Free Nutritional Health Information and Tools


Overview of Vitamins | Vitamin A (and Beta Carotene) | Biotin (Vitamin H) | Vitamin B-1 (Thiamin) | Vitamin B-2 (Riboflavin) | Vitamin B-3 (Niacin or Nicotinic Acid) | Vitamin B-5 (Pantothenic Acid) | Vitamin B-6 (Pyridoxine) | Vitamin B-12 (Cobalamin) | Vitamin C (Ascorbic Acid) | Vitamin D | Vitamin E | Folate (Folic Acid) | Inositol | Choline


Vitamin D

Functions of Vitamin D

  • Improves absorption and utilization of Calcium and Phosphorous.
  • Is required for bone and teeth formation.
  • Maintains a stable nervous system and normal heart action.

Deficiency of Vitamin D

  • Rickets in children and osteomalacia in adults.
  • Muscle weakness, bony deformities.
  • Neuromuscular irritability causing muscle spasms of the larynx (laryngospasm) and hands (carpopedal spasm), generalized convulsions and tetany.

People with an increased risk of Vitamin D deficiency

  • City dwellers or anyone subject to smog.
  • Night workers, or anyone whose clothing, environment or lifestyle keeps them out of the sunlight.

Clinical uses of Vitamin D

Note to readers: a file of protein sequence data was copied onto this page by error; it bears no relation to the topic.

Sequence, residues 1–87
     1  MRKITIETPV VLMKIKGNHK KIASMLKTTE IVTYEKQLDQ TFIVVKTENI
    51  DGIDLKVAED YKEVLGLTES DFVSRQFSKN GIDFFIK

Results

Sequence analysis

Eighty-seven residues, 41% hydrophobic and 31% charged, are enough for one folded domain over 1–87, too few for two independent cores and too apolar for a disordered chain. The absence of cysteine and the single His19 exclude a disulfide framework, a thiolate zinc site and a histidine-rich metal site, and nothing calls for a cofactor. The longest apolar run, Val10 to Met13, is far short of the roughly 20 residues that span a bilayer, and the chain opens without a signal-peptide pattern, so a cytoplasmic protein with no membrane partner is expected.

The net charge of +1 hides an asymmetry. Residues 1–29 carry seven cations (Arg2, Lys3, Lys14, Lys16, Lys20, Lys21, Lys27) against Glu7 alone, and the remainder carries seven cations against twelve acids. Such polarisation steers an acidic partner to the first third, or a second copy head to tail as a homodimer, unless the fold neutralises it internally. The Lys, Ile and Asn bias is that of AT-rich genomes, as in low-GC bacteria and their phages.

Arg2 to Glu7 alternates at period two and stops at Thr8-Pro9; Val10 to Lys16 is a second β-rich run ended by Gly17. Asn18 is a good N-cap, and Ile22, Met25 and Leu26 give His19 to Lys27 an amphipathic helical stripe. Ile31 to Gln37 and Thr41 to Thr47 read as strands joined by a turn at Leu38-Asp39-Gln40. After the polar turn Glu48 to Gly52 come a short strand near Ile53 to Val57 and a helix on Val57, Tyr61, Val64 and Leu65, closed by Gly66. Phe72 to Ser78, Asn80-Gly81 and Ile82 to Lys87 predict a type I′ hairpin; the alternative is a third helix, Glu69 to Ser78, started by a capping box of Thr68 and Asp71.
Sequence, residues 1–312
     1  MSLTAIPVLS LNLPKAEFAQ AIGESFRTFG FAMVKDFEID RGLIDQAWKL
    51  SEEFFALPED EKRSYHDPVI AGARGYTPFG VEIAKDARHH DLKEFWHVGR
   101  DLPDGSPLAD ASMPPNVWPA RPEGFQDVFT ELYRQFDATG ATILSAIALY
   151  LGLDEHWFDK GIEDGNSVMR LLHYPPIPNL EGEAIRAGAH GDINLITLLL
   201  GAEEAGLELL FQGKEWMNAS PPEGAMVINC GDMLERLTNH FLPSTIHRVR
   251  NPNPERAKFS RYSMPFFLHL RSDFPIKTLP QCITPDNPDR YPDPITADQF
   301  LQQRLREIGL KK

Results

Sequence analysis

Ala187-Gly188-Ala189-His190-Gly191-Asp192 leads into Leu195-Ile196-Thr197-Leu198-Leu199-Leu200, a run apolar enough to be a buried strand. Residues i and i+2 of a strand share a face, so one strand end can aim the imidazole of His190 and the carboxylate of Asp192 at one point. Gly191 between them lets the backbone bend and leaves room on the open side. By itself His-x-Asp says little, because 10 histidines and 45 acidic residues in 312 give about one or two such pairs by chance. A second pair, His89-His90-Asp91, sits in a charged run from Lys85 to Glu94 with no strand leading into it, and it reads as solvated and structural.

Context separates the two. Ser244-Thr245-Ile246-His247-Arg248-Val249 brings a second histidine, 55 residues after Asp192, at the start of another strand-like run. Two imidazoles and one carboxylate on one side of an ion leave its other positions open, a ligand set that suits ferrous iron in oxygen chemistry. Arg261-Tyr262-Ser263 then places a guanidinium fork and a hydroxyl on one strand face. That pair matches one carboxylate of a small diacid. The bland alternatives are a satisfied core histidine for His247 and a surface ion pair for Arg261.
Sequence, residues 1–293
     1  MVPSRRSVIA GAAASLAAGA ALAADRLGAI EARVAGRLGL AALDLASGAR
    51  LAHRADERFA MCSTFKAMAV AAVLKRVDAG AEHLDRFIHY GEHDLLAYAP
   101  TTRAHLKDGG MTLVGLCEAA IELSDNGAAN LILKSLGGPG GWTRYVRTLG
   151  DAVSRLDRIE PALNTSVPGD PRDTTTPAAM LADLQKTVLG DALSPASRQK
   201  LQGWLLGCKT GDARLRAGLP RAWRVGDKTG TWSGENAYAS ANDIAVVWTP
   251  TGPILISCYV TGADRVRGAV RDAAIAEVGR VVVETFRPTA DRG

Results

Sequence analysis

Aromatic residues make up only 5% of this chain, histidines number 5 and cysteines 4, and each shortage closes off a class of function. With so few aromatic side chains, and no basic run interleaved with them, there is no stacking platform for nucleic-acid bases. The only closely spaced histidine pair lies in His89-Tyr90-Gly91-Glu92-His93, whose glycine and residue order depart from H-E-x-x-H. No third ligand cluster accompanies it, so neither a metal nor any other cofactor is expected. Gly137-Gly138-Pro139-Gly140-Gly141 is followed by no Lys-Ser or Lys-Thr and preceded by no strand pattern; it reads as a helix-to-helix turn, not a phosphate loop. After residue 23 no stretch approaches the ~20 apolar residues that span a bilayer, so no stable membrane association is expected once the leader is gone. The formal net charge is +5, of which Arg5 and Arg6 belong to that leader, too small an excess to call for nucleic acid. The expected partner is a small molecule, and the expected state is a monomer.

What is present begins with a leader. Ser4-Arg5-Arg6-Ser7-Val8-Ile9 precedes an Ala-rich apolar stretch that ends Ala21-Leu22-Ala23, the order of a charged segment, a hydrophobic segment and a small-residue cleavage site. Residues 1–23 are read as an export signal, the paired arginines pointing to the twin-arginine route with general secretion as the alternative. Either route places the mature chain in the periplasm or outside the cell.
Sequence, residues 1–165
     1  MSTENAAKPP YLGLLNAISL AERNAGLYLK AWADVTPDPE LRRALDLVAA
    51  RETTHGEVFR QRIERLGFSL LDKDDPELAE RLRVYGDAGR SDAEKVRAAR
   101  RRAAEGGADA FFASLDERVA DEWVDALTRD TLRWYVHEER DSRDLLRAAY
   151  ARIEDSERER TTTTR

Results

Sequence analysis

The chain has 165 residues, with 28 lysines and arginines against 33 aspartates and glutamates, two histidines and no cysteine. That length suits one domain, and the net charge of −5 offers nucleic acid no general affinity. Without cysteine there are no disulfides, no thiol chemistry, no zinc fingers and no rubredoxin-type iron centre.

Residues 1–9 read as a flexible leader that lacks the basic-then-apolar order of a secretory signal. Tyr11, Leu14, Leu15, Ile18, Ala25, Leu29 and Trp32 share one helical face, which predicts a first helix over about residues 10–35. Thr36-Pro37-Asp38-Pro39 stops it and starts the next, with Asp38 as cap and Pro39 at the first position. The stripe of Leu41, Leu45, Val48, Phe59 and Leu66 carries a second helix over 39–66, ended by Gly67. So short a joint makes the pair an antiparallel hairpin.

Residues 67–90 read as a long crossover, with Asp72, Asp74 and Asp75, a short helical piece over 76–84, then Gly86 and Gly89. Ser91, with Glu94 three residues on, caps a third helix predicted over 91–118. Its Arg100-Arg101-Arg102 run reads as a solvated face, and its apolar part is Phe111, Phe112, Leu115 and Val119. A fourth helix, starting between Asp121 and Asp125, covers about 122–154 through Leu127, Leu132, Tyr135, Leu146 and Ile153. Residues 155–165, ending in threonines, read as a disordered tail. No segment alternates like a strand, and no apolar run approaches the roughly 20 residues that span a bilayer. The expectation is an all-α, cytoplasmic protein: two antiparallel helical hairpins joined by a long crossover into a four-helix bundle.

• Vitamin D is useful for preventing and treating vitamin D-deficiency bone diseases (rickets in children and osteomalacia in adults).
  • 25-Hydroxyvitamin D3 is useful for treating disorders, such as severe liver failure, in which vitamin D cannot be metabolized to 25-hydroxyvitamin D.
  • The active form of vitamin D (1, 25-dihydroxyvitamin D3) and its analogs are useful for treating metabolic bone disorders due to inborn and acquired disorders in the metabolism of 1, 25-dihydroxyvitamin D2. These have recently been shown to also be valuable in treating the skin disease psoriasis.

Recommended dietary allowance for Vitamin D

See Recommended dietary allowances for vitamins.

Food sources of Vitamin D

Good food sources are milk properly fortified with vitamin D, fatty fish such as salmon and mackerel, cod liver oil, fish liver oil, some breads and cereals, and some egg yolks.

Toxicity of Vitamin D

Excessive quantities of vitamin D (in excess of 5,000-10,000 IU/day) can cause hypercalcemia, hypercalciuria, kidney stones, and soft tissue calcifications.